FEBRUARY 8, 2017

Six ways to lead as a nonprofit board member, Part 3 of 4

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Leading in the Nonprofit Space

By Joel L. Domingo, Ed.D.

What does it mean to be an effective board member and leader?  This can be lost in the minutiae of meetings, policy, and operations.  While these are all good things, keeping one eye on the immediate and the other towards the possible is the challenge for nonprofit board leaders.

The concept of the nonprofit board of directors comes from the ancient traditions of tribal and ecclesiastical authority.  Who would not want as group of people that were wise, had good character, were discerning, and who wanted the best for the community to have some sort of influence in an organization?   Over time a board’s roles and responsibilities broadened to include the fiduciary and legal burden for an organization.

In North America, some have placed the origins of the modern nonprofit board practices to the colonies and the Massachusetts Bay Company, who had appointed thirteen individuals for their honesty and wisdom to manage the affairs of the organization.

Slowly, this caught on with the early colonial educational institutions, as schools like Harvard and Yale emerged as an exemplar of early board practices.

An organization’s board is a body of wisdom and direction

Over time, issues regarding stakeholder representation, external relations, and resource development got integrated into the board member’s role and thus began the emergence of a new kind of board member—one who was wise, participate in the work of the organization, and if lucky, had wealth to provide resources.  Fast forward to the modern nonprofit organization and while so many layers of responsibility are now cast on board members, there still is that core component of a board being a body of wisdom and direction for an organization.

Furthermore, board members are the bridge between the activities of the organization and the needs of their community. When creating this bridge, what are some practicalities to consider?

A culture of high expectations: how to create it

For one, begin with setting up a culture of high expectations.  Stretch goals and risk are things periodically discussed and as a principle, leadership for the future depends on it.  Furthermore, keeping a perspective that as board members and leaders, though they are the ultimate legal and financial responsible party, knowing that they are there to serve and steward are important.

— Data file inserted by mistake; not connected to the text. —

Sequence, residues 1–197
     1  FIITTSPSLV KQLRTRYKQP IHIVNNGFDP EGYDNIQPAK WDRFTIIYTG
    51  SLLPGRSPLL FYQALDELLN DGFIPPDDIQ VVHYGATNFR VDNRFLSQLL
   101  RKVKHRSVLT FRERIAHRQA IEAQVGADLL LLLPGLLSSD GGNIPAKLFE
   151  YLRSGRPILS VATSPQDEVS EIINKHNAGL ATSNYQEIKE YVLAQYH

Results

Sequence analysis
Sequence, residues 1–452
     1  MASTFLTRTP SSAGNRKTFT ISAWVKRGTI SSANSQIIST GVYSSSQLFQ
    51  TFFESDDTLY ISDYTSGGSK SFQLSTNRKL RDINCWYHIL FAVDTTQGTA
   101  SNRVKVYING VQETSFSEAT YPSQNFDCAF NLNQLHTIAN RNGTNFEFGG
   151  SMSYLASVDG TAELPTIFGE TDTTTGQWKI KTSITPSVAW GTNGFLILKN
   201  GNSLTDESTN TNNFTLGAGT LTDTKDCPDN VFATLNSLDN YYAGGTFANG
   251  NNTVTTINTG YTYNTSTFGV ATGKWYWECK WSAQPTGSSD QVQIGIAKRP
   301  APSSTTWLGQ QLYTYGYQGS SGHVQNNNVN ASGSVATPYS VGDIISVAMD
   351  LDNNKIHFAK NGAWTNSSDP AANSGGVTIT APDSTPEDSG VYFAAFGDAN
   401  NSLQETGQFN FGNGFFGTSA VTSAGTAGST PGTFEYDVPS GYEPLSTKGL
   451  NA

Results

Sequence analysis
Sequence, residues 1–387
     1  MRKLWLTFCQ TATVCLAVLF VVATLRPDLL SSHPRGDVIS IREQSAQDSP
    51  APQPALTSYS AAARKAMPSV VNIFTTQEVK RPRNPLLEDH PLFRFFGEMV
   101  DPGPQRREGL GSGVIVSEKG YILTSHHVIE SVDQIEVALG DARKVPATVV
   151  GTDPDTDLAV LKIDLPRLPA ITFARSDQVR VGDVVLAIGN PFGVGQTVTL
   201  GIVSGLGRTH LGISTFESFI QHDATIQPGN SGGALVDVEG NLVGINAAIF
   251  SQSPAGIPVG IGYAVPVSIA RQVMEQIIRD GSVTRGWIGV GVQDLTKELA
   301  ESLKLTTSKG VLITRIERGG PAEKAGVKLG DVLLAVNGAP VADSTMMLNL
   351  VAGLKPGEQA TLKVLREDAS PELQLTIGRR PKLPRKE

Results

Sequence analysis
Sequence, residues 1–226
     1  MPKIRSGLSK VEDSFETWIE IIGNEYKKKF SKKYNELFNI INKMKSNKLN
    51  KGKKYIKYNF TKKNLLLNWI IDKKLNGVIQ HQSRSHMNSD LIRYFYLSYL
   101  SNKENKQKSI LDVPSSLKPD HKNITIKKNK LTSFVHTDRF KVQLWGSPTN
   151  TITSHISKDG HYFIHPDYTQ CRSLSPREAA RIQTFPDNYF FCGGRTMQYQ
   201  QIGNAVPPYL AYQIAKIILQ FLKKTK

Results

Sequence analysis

It is service to the organization first and then stewardship (not ownership) of resources that are good hallmarks.

Here are six ways to be an effective leader on the board:

  1. Understand the role of directors and the board.
  2. Practice stewardship thinking.
  3. Govern rather than manage; help as well as monitor.
  4. Develop a deep understanding of the enterprise. It means many things to many people. It is a story with chapters completed and more to be written.
  5. Do the right things. Ensure the substance of board work is on the mark.
  6. Appoint a great leader, ensure a smart strategy and effective execution, maintain a prudent risk profile, and set a tone of integrity at the top.

“First Who, then What?”

In the book, “Good to Great and the Social Sectors,” author Jim Collins suggests several principles to put organizations on a trajectory of sustained excellence.  A few of these questions are ones that deal with organizational culture and leading people.  One that strikes me is what Collins terms, “First Who?”  This is a question of leadership and having leaders and board members who are so passionate about the mission of the organization can sometimes outweigh gaps in technical knowledge.  People willing to commit themselves to the mission is key.

In the final installment of this series, next week we’ll continue this conversation on board leadership and delve into the importance of a diverse board.  We’ll also explore some practical ways to build board diversity.

Read Part 1, Leadership to Change the World, and Part 2, Philanthropy: The “love of humankind.

#Leadership can change the world.  Obtain your master’s and doctoral degrees that focus on nonprofit leadership.


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